A lot of rough introductory problems are out of the way for the second episode, making the ride a lot smoother for Pilot Part 2 (Maybe they should have put a little more work into naming these episodes). The biggest issue, being the awkwardly delivered exposition, has been refined quite a bit for the second episode. We’re not hearing characters stating their ages, occupations, or years worth of memories (I’m looking at you Hawkman) as frequently. What makes the exposition flow better for this one is the differing perspectives and motivations of the current events of the episode. Each Legend has different priorities, comes to conclusions, and assesses threats in a way that’s unique to their character. There are nine different perspectives running at any given time, so naturally each interaction is a constant battle between personalities. This gives each conversation density, meaning that a lot of information is coming out all at once, but there are so many characters that it doesn’t seem unnatural for thoughts to be shared and expounded upon. Most of this coming from Rip Hunter, who acts as the guide for laying out the rules of time travel, and yes that is very important and will only become more important as the series progresses.
“You’re welcome, Norway”
The team’s lack of trust in Rip is warranted, but also very tragic. Perhaps the most interesting thing about Rip is that he has proven to be so deeply compromised emotionally, and yet as a leader, he appears to be irreplaceable. Remember that vacuum I talked about in the last review? Throughout the episode we see the best and brightest of the Legends attempt, in vain, to fill the void left behind by the shattered remains of Rip’s credibility. Nowhere is this more evident than in a warehouse meeting with a who’s who collection of dangerous terrorist groups. What makes this scene so interesting is the purposeful exclusion of Rip Hunter in the proceedings, which comes in the play later. I probably don’t have to tell you that subtlety ends up on the back burner, and a massive fight breaks out with…well everyone. They use the warehouse fight scene much more effectively than they did in any of the action sequences shown in part 1. The scene itself is still chaotic, and they’re still having problems decluttering the action set pieces, but, in this case, it’s chaos with the purpose of seeing the through the eyes of Vandal Savage. The sequence beautifully pushes the big fighting stuff to the background to showcase Savage reveling in the pandemonium (I don’t know if they realize the detriment all their combat is having on their mission. Savage thrives on carnage and combat, how would it serve them to bring more to his doorstep?) Despite all this seeming to turn in the Legends’ favor, Rip helpfully, and condescendingly, points out all the beautiful ways that their pear-shaped infiltration harmed their overall mission. It’s an entertaining monolog filled with brilliant exposition that Arthur Darvill delivers with both ashen horror and dry wit. Suffice it to say that this more than anything, and better than most time-travel shows and movies I’ve seen, really highlights the consequences of messing with events that have already occurred; instead of saying “No no, we can’t do that because…uh…fixed points and critical events, and stuff.” It grabs the audience and says “this is what they did, and this is what it caused.”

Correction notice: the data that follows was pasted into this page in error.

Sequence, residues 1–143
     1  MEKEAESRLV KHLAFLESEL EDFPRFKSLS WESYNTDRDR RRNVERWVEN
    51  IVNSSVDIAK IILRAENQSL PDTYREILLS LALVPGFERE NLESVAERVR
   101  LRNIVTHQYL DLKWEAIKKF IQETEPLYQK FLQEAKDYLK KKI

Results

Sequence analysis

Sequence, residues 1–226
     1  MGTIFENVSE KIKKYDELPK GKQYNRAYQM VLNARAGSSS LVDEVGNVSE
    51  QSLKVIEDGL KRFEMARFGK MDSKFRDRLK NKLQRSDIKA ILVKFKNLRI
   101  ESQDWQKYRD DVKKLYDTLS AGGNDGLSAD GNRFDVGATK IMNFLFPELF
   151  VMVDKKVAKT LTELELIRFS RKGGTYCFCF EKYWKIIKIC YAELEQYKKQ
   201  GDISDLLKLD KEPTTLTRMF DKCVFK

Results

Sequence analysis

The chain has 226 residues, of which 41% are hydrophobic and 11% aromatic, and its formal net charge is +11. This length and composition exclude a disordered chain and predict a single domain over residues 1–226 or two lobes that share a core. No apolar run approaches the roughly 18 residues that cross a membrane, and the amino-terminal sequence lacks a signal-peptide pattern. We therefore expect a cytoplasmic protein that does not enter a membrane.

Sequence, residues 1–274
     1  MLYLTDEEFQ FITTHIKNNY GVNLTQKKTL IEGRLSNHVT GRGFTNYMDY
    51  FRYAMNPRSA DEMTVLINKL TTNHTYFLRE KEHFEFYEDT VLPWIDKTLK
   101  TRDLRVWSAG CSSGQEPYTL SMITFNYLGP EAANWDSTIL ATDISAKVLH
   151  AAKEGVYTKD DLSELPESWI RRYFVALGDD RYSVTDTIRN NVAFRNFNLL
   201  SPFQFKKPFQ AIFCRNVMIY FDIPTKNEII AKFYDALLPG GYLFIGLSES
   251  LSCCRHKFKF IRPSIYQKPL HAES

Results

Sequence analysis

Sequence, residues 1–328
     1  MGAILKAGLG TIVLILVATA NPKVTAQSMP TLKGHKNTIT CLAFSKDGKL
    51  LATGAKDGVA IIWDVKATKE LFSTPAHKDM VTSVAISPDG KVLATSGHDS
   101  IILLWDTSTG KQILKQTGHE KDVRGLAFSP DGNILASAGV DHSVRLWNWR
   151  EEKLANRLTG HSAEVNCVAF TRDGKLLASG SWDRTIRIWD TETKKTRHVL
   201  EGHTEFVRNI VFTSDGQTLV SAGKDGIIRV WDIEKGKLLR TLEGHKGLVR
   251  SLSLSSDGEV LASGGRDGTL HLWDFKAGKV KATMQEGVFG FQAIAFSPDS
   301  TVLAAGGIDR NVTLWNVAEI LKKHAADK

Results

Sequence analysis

Sparking up a doobie
Big concepts are at work, but the story is still in the 70’s, so there’s not a lot of new ground to cover in the regard. Instead, we are able to witness a paradox we’ve all personally thought about at one time or another. Going back to meet and interact with our younger selves. In this case, it’s a 25-year-old Martin Stein, and considering this is 1975 there’s quite a bit about Martin’s younger days that he seemed to block out; including a brief love affair with recreational cannabis usage (the 70’s). Now clearly Arrow and Flash attract a younger audience. There’s a lot of explicit themes of use in those cases, but they still maintain enough plausible deniability to acquire an on the line PG-13 rating, for lack of a better term. This, on the other hand, is just blatant. What interests me about this is that it might just be a changing of the times, but how strange is it when there’s a strict rule stopping John Constantine from smoking a cigarette (a legal product) on a network television show, but there’s no rule for showing characters who are supposed to be superheroes casually using illegal drugs? Now, bear in mind that this doesn’t bother me personally, but the paradox is worth noting. In fact, this was probably my favorite sequence of Part 2, not just the casual approach to smoking weed, but the struggle for Stein to maintain his composure in the face of his past embarrassing personality and nonchalant attitude about his professional work. It fits his character, but it also shows he wasn’t always who he is in 2016, but in many ways he was. It’s a burden of the folly of youth that a lot of Legends of Tomorrow’s audience can relate to, but it’s also played as humorous thanks to some brilliantly casual acting from Caity Lotz and Franz Drameh, and also fateful thanks to some passionate internalization from Victor Garber.